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Royal Assent

Royal Assent is the formal method by which a Monarch in many constitutional monarchies completes the process of the enactment of legislation, by formally assenting to an Act of Parliament. In most republics, this process is referred to as signing a Bill into law or promulgation. The power to deny Royal Assent is one of the reserve powers of the Monarch.

Table of contents
1 Introduction
2 The Three Options
3 The Use of the Powers
4 Notes
5 External links


Within countries that operate the Westminster system of parliamentary government and which continue to have the British monarch as their own sovereign, the Royal Assent in given to legislation by the Governor-General. Legislation actually given assent by the Queen herself is known as a law 'reserved for the Queen's pleasure'. Also, the sovereign herself has powers to veto legislation within one year of assent by the Governor-General.

Historically, the power of the President of the United States to veto legislation or sign bills into law was derived from the royal assent.

The Three Options

Three formal options exist when a Bill is presented for the Royal Assent.

  1. Grant the Royal Assent ie, make the Bill law
  2. Withhold the Royal Assent ie, veto the Bill
  3. Reserve the Royal Assent ie, neither veto or confirm it, just leave it in limbo for an unspecified period

While in theory, any one of the three options can be used, in practice, no British monarch since 1707 [1] has withheld the Royal Assent. Until the late 1920s, all Commonwealth governors-general were advised on the exercise of the Royal Assent by the British government. Since then, the responsibility for advising a governor-general on the Royal Assent rests with the state's own government. As they almost invariably will have introduced the Bill being considered, they are highly unlikely to advise the effective vetoing of their own Bill. Reserving the legislation for 'the Queen's pleasure' (i.e. for the sovereign to give assent to personally) is rare; some countries such as Australia have however done so if the Bill is of such significance that the state wish to have it signed not by the Governor-General but by Queen Elizabeth II herself in person. The Queen also has can disallow legislation signed by the Governor within one year of its assent.

The Use of the Powers

Granting the Royal Assent

The traditional method for granting the Royal Assent involved the monarch or Lords Commissioners on his or her behalf, assembling in the House of Lords, Black Rod, a formal parliamentary official, was then dispatched to the House of Commons to summon its members to the House of Lords. MPs would travel to the Lords chamber, where they would stand at the back, while the name of whatever Bills had completed parliamentary passage were read out. Where the Assent was given, the Lords Clerk, at the direction of the Commissioners, would state the appropriate Norman French formula:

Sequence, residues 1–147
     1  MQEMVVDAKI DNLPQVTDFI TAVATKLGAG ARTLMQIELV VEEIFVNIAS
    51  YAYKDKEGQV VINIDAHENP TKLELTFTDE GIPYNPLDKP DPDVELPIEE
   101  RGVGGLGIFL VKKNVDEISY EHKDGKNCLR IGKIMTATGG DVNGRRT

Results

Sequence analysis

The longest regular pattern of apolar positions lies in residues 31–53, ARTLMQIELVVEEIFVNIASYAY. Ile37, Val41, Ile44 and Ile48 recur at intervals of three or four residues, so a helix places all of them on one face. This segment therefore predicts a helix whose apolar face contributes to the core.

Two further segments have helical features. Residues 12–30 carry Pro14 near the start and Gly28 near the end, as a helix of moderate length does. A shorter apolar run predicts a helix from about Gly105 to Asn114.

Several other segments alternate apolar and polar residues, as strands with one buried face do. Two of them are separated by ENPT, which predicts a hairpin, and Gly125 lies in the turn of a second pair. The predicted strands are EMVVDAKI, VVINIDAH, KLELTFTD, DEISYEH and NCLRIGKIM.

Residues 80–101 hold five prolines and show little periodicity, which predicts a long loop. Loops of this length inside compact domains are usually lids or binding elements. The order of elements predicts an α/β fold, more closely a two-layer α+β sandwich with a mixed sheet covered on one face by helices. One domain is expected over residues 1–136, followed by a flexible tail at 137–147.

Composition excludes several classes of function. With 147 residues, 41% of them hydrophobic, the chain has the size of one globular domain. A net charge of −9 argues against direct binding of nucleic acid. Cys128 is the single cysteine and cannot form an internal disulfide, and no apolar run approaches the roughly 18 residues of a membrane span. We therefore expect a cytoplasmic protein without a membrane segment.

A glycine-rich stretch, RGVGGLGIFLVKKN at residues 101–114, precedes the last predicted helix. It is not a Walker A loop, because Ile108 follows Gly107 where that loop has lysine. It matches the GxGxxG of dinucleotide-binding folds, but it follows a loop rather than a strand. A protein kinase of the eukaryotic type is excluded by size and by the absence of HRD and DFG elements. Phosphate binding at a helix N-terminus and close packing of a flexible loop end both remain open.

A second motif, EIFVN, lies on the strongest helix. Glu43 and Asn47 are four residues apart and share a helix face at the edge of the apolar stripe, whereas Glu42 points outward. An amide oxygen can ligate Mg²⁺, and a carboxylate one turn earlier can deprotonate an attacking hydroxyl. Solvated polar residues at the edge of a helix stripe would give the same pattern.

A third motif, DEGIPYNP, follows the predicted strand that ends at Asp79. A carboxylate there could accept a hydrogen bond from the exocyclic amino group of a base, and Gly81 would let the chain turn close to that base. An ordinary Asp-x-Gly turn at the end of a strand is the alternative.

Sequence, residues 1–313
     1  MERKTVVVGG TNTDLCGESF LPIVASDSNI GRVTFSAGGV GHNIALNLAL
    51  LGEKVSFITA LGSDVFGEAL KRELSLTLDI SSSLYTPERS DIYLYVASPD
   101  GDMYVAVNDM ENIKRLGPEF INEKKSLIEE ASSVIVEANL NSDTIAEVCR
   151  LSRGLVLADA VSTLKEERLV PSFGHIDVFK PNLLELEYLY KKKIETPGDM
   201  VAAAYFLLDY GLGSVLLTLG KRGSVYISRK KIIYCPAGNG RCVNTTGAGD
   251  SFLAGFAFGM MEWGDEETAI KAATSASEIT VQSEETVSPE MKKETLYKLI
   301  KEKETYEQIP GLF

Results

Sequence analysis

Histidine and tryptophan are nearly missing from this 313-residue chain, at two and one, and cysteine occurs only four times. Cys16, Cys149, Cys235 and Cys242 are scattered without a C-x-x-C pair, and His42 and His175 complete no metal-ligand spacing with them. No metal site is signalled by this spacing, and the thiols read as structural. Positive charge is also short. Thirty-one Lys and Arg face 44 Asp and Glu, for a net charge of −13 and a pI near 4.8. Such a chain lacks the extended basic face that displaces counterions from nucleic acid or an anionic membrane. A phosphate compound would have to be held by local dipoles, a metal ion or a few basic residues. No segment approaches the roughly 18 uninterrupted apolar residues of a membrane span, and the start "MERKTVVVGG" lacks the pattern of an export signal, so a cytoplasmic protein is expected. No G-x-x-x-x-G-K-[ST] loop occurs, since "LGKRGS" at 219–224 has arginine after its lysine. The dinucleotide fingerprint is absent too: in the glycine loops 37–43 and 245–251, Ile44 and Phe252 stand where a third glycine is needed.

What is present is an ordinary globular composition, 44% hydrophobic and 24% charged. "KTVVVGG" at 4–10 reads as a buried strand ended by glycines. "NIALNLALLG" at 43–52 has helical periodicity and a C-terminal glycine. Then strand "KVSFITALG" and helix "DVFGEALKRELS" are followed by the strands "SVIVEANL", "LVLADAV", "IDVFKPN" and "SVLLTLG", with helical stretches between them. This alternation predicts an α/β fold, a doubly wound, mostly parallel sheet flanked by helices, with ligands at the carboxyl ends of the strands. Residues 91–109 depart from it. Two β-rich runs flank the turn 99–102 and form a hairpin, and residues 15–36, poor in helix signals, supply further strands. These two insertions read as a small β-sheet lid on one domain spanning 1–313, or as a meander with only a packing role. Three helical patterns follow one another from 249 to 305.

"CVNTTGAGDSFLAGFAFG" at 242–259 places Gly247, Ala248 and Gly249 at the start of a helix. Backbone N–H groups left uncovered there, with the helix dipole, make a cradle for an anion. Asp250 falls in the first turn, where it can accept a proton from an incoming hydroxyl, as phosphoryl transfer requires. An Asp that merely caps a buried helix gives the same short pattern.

benevolence, et ainsi le veult.'' (The Queen thanks her good subjects, accepts their benevolence, and also wills it.) MPs would then return back to the Commons to continue with their business. This ceremony, adapted somewhat, was copied in many commonwealth parliamentary democracies. In Canada, the Governor-General or his or her representative would formally attend in the Senate chamber, to which MPs would be summoned, to witness the granting of the Royal Assent.

In most states, this ceremony has been discontinued. MPs complained that it disrupted their deliberations too much. In 1967 the ceremony was abolished in the United Kingdom. Instead the granting of the Royal Assent is now confirmed in both Houses separately, by the Lords Commissioners in the House of Lords and the Speaker in the House of Commons (see External links below). Canada remained the last Commonwealth state to continue the ritual of summoning both houses to witness the granting of the Royal Assent.

Withholding of the Royal Assent

While withholding the Royal Assent is rare, there have been discussions on situations in which it would be proper. For example, many legal scholars believe that if the Quebec National Assembly were to unilaterally declare independence, that the Lieutenant Governor would not only have the power to withhold royal assent, but be duty bound to do so.

Reserving the Royal Assent

The concept of reserving the Royal Assent was created to allow a monarch to avoid making an immediate decision on whether to Assent to or withhold a Bill. In Empire and Commonwealth history, it allowed the British Government in London to examine a Bill passed in a dominion to see whether it thought it worth instructing the Governor-General to veto. Today, Bills are normally only reserved on rare occasions, such as if a government wishes to have the Queen herself rather than the Governor-General sign a Bill and a royal visit is pending within a couple of weeks.


[1] While history and legal textbooks generally refer to the last 'withholding' of the Royal Assent (ie, vetoing) as occurring in 1707, when Queen Anne vetoed a Scottish militia bill, the British parliamentary website dates the veto as occurring in 1708. This is probably due to the difference between the British "Old Style" calendar, in which a year began at the vernal equinox (March 25th, to be exact), and the "New Style" calendar, in which a year began on January 1.

External links